Evans, John (St. Helens N) Oakes, Rt Hon Gordon
Fatchett, Derek O'Brien, William
Faulds, Andrew O'Neill, Martin
Field, Frank (Birkenhead) Orme, Rt Hon Stanley
Fields, T. (L'pool Broad Gn) Park, George
Flannery, Martin Pavitt, Laurie
Foot, Rt Hon Michael Powell, Raymond (Ogmore)
Foster, Derek Prescott, John
Foulkes, George Randall, Stuart
Freeson, Rt Hon Reginald Redmond, M.
Garrett, W. E. Rees, Rt Hon M. (Leeds S)
Golding, John Richardson, Ms Jo
Gould, Bryan Roberts, Allan (Bootle)
Hamilton, James (M'well N) Roberts, Ernest (Hackney N)
Hamilton, W. W. (Central Fife) Shore, Rt Hon Peter
Hardy, Peter Short, Ms Clare (Ladywood)
Harrison, Rt Hon Walter Short, Mrs R.(W'hampt'n NE)
Hattersley, Rt Hon Roy Silkin, Rt Hon J.
Haynes, Frank Skinner, Dennis
Heffer, Eric S. Smith, Rt Hon J. (M'kl'ds E)
Hogg, N. (C'nauld & Kilsyth) Snape, Peter
Hughes, Roy (Newport East) Soley, Clive
Hughes, Sean (Knowsley S) Spearing, Nigel
John, Brynmor Stewart, Rt Hon D. (W Isles)
Kaufman, Rt Hon Gerald Stott, Roger
Kilroy-Silk, Robert Strang, Gavin
Lamond, James Thomas, Dr R. (Carmarthen)
Leadbitter, Ted Tinn, James
Leighton, Ronald Torney, Tom
Lewis, Ron (Carlisle) Wardell, Gareth (Gower)
Lewis, Terence (Worsley) Wareing, Robert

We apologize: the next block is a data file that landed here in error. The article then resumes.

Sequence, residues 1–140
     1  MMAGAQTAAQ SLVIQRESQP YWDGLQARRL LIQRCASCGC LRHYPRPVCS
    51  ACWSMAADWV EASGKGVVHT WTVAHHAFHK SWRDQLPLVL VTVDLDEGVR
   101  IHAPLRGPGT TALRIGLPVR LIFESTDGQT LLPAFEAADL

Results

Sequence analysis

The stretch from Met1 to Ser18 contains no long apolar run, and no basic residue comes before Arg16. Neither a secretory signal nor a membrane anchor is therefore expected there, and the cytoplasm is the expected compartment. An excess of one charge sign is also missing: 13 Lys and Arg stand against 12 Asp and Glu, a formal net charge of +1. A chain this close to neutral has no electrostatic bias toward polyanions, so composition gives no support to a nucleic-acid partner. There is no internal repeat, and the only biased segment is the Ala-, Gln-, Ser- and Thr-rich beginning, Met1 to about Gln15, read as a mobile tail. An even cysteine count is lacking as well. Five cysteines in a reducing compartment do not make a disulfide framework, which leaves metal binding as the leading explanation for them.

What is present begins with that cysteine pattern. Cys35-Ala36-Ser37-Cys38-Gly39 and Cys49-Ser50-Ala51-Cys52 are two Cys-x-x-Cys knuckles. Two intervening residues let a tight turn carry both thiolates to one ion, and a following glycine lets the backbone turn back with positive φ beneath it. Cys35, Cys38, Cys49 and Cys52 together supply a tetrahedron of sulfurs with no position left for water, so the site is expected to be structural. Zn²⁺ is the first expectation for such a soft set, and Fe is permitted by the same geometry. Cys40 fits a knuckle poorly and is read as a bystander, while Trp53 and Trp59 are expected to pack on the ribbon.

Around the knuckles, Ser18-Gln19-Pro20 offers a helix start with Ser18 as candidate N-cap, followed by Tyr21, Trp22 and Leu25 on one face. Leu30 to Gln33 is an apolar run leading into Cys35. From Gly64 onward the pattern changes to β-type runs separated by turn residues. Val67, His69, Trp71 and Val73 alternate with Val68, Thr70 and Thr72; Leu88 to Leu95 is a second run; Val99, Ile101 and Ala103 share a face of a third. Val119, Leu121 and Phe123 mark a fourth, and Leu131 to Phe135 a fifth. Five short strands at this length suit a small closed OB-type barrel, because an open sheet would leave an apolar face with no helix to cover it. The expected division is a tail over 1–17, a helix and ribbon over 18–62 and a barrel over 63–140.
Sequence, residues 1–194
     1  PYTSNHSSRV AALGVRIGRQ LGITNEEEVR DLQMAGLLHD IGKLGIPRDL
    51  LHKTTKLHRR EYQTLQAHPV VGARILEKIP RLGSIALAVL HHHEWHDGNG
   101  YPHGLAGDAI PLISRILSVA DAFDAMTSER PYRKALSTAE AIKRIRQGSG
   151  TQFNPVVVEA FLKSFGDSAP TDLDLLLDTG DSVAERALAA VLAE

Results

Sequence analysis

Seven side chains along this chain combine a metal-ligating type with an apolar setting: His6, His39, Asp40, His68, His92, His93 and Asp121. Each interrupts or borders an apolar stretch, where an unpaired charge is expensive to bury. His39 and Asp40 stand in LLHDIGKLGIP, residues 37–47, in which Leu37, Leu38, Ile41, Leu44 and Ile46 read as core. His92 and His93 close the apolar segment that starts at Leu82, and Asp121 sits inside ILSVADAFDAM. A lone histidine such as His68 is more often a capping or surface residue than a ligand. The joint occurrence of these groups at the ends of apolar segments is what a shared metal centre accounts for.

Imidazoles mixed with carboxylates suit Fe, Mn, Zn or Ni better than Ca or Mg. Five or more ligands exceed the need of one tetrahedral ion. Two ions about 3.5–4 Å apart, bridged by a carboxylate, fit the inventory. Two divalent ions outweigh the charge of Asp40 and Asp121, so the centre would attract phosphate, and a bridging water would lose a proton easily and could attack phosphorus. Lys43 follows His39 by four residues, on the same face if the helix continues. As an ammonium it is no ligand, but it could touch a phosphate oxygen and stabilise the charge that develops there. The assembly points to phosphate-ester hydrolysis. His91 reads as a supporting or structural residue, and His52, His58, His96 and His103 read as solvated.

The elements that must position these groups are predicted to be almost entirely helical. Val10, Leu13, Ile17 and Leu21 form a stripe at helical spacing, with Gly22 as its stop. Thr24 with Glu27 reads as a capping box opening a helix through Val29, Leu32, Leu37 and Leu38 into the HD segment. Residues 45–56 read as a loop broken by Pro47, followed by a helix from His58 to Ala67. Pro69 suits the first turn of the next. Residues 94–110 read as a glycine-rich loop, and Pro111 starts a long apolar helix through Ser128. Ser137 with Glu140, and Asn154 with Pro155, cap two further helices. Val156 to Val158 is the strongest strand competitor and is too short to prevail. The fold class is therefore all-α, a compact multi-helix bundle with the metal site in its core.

Litherland, Robert White, James
Lloyd, Tony (Stretford) Wilson, Gordon
Loyden, Edward Winnick, David
McGuire, Micheal
Mckay, Allen (Penistone) Tellers for the Ayes:
McKelvey, William Mr. John McWilliam and
Madden, Max Mr. Robin Corbett.
Alexander, Richard Bruinvels, Peter
Alison, Rt Hon Michael Bryan, Sir Paul
Alton, David Bulmer, Esmond
Amess, David Burt, Alistair
Arnold, Tom Butterfill, John
Ashby, David Carlisle, Kenneth (Lincoln)
Ashdown, Paddy Carlisle, Rt Hon M. (W'ton S)
Aspinwall, Jack Cash, William
Atkins, Robert (South Ribble) Channon, Rt Hon Paul
Atkinson, David (B'm'th E) Chapman, Sydney
Baker, Nicholas (N Dorset) Clark, Dr Michael (Rochford)
Baldry, Tony Cockeram, Eric
Batiste, Spencer Colvin, Michael
Beaumont-Dark, Anthony Conway, Derek
Beith, A. J. Coombs, Simon
Bellingham, Henry Cope, John
Bendall, Vivian Corrie, John
Benyon, William Couchman, James
Bevan, David Gilroy Cranborne, Viscount
Biggs-Davison, Sir John Crouch, David
Blackburn, John Currie, Mrs Edwina
Bonsor, Sir Nicholas Dickens, Geoffrey
Boscawen, Hon Robert Dicks, Terry
Bottomley, Peter Dorrell, Stephen
Bottomley, Mrs Virginia Douglas-Hamilton, Lord J.
Bowden, A. (Brighton K'to'n) Dover, Den
Bowden, Gerald (Dulwich) Dunn, Robert
Braine, Rt Hon Sir Bernard Durant, Tony
Bright, Graham Evennett, David
Brinton, Tim Eyre, Sir Reginald
Brittan, Rt Hon Leon Farr, Sir John
Brooke, Hon Peter Favell, Anthony
Fookes, Miss Janet Mates, Michael
Forth, Eric Mather, Carol
Fowler, Rt Hon Norman Maude, Hon Francis
Freeman, Roger Mawhinney, Dr Brian
Freud, Clement Maxwell-Hyslop, Robin
Gale, Roger Mayhew, Sir Patrick
Galley, Roy Meadowcroft, Michael
Gardner, Sir Edward (Fylde) Merchant, Piers
Garel-Jones, Tristan Meyer, Sir Anthony
Goodhart, Sir Philip Mills, lain (Meriden)
Goodlad, Alastair Miscampbell, Norman